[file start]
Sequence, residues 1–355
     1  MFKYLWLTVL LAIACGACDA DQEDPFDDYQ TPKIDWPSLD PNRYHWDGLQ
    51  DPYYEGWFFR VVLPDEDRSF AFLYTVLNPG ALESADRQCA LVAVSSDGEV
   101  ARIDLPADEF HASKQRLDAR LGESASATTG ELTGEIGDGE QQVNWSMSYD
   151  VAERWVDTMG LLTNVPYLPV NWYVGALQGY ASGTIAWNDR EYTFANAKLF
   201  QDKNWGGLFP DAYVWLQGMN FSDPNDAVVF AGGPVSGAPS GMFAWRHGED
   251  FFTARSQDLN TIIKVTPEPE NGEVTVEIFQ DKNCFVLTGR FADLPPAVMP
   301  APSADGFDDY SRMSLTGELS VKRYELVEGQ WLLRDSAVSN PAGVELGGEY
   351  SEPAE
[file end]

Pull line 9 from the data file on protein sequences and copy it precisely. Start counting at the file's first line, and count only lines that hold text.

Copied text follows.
   351  SEPAE